Note

These supplemental notes addends the following lectures: Confidence intervals, Statistical tests, and Comparison. It demonstrates how to do some of the in class examples in R, and how to do the same tests but with data instead of calculations. This will be useful for homework and projects.

## confidence intervals

### for the proportion

For confidence intervals for the proportion use prop.test():

The solution to example 1 is:

## The expected counts (x) is .14*35
prop.test(x = .14*350, n = 350, correct = FALSE)

1-sample proportions test without continuity correction

data:  0.14 * 350 out of 350, null probability 0.5
X-squared = 181.44, df = 1, p-value < 2.2e-16
alternative hypothesis: true p is not equal to 0.5
95 percent confidence interval:
0.1075436 0.1802730
sample estimates:
p
0.14 

The solution to example 2 is:

prop.test(x = 35, n = 225, correct = FALSE)

1-sample proportions test without continuity correction

data:  35 out of 225, null probability 0.5
X-squared = 106.78, df = 1, p-value < 2.2e-16
alternative hypothesis: true p is not equal to 0.5
95 percent confidence interval:
0.1140250 0.2086502
sample estimates:
p
0.1555556 

The solutions in the slides are not exactly those given by R. The slides are using a normal approximation to compute the confidence interval while R uses the Wilson interval. The interval from R is more accurate because it does two things:

1. It’s wider around $$0.5$$ than away from $$0.5$$. This is important because an estimate for the proportion can not be below $$0$$ or above $$1$$. It makes sense that it should be shorter at the edges and wider in the middle.

2. It lets the variance change along the interval. At p_low it uses $$p_{low}(1-p_{low})$$ and at $$p_{high}$$ it uses $$p_{high}(1-p_{high})$$ where as the approximation we use has fixed variance.

### for the mean

To find confidence intervals for the mean use t.test():

Example 1 and example 2 do not have a built-in function in R to automagically compute them. Instead, I show you how to compute them directly from the data:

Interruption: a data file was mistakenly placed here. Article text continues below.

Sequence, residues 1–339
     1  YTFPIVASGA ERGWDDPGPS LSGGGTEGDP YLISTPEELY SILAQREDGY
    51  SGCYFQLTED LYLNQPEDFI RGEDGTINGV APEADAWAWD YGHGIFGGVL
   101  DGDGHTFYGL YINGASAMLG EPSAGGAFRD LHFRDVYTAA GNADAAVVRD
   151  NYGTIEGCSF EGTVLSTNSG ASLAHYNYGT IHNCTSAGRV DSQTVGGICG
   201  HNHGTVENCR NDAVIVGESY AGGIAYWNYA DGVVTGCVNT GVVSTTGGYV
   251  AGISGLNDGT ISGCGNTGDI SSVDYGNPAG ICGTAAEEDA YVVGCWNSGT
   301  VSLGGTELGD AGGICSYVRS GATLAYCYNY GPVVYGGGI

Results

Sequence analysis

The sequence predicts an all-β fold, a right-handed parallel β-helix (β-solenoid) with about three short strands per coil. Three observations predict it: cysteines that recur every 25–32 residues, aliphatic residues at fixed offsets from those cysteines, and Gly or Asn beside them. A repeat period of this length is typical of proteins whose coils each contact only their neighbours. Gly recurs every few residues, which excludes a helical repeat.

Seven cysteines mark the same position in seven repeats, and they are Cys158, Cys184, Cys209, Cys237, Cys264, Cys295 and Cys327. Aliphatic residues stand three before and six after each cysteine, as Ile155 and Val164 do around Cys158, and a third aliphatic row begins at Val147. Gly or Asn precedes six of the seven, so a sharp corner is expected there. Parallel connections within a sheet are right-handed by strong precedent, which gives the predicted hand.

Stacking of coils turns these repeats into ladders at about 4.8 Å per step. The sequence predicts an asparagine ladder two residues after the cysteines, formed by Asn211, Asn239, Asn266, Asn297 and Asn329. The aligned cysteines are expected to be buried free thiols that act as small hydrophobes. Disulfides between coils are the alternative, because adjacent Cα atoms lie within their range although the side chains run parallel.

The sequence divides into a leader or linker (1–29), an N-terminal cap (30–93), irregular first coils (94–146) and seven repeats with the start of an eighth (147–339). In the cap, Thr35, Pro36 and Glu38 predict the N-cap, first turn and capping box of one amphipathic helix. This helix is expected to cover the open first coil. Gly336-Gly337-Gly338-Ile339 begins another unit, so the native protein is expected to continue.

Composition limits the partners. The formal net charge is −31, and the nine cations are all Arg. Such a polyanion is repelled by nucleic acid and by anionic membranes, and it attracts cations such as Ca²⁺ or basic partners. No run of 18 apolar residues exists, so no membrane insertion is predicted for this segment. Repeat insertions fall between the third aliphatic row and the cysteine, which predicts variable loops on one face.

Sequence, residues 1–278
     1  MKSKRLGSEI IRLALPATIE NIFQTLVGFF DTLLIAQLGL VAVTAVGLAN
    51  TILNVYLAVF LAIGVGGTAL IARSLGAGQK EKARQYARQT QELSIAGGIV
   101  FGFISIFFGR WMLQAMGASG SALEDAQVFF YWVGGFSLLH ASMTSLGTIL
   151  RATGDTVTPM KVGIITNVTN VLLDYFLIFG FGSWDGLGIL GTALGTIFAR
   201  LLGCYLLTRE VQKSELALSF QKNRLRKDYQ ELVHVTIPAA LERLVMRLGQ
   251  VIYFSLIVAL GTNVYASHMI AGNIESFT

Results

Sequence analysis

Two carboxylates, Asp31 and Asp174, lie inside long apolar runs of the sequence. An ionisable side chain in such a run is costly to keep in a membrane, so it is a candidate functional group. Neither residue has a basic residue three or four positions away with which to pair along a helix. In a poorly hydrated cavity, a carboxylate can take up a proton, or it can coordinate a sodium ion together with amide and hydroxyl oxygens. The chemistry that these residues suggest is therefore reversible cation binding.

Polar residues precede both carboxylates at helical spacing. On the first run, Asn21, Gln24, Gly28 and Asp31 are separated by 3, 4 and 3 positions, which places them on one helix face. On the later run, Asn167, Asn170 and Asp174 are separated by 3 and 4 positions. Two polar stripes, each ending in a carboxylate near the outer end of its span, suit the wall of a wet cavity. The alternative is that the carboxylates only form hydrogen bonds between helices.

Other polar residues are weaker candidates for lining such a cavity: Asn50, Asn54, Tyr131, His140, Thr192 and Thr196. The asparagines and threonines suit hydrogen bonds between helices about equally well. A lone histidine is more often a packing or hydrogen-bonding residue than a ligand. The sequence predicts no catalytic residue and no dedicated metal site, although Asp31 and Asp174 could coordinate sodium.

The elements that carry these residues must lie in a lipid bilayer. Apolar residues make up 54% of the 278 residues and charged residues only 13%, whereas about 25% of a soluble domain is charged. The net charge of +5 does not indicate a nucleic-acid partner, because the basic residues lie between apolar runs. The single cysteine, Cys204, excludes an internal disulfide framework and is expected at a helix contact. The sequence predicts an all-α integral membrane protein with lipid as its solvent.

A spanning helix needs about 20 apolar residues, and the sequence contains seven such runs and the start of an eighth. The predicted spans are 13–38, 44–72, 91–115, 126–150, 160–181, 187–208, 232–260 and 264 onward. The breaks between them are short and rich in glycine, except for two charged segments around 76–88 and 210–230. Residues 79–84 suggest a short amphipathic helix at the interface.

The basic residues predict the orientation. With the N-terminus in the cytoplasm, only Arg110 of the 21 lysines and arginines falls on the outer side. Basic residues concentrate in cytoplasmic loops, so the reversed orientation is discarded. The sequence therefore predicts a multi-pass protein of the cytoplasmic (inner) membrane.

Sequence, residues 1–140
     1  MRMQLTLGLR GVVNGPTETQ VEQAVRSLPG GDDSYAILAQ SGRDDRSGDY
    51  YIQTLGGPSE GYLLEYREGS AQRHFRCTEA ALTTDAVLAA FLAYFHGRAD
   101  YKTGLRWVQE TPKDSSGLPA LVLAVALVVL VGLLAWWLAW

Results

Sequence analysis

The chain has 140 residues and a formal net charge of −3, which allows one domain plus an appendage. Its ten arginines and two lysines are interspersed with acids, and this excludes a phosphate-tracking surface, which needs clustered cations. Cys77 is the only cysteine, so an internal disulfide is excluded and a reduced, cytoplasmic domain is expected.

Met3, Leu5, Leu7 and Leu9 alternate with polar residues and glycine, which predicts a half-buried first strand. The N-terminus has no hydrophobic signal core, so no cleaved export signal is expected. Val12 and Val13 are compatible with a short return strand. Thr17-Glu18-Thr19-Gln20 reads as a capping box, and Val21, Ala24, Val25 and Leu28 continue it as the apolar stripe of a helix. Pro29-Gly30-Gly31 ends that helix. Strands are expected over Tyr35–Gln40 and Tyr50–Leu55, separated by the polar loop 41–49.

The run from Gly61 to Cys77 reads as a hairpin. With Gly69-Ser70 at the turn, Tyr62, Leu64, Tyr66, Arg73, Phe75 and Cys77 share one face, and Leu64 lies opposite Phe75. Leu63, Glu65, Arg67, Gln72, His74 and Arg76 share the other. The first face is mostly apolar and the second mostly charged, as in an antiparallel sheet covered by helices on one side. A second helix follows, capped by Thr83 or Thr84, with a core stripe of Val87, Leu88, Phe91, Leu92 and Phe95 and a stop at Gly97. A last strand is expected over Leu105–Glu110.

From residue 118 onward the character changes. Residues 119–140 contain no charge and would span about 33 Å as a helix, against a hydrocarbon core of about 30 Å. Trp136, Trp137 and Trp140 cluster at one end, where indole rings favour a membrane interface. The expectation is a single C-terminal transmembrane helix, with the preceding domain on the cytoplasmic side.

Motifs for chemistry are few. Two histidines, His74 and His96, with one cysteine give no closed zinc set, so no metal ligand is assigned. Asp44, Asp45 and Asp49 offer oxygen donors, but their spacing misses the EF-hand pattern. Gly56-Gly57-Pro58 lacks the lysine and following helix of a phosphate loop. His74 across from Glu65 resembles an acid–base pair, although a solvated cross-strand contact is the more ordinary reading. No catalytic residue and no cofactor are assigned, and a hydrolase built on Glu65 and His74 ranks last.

## default confidence level is 95%
t.test(diamonds$price)  One Sample t-test data: diamonds$price
t = 228.95, df = 53939, p-value < 2.2e-16
alternative hypothesis: true mean is not equal to 0
95 percent confidence interval:
3899.132 3966.467
sample estimates:
mean of x
3932.8 
## a 72% confidence level
t.test(diamonds$price, conf.level = 0.72)  One Sample t-test data: diamonds$price
t = 228.95, df = 53939, p-value < 2.2e-16
alternative hypothesis: true mean is not equal to 0
72 percent confidence interval:
3914.243 3951.357
sample estimates:
mean of x
3932.8 

## statistical tests

### for proportions

The solution for example 3 follows:

prop.test(x = 17, n = 36, p = 9/24, alternative = "greater")

1-sample proportions test with continuity correction

data:  17 out of 36, null probability 9/24
X-squared = 1.0667, df = 1, p-value = 0.1508
alternative hypothesis: true p is greater than 0.375
95 percent confidence interval:
0.3294798 1.0000000
sample estimates:
p
0.4722222 

Again, this is not the same as our calculations because R is more accurate.

### for means, directly from the data

The following code does this directly from the data:

## alternative: true mean is not equal to 2000
t.test(diamonds$price, mu = 2000, alternate = "two.sided")  One Sample t-test data: diamonds$price
t = 112.52, df = 53939, p-value < 2.2e-16
alternative hypothesis: true mean is not equal to 2000
95 percent confidence interval:
3899.132 3966.467
sample estimates:
mean of x
3932.8 
## alternative: true mean is greater than 2000
t.test(diamonds$price, mu = 2000, alternate = "greater")  One Sample t-test data: diamonds$price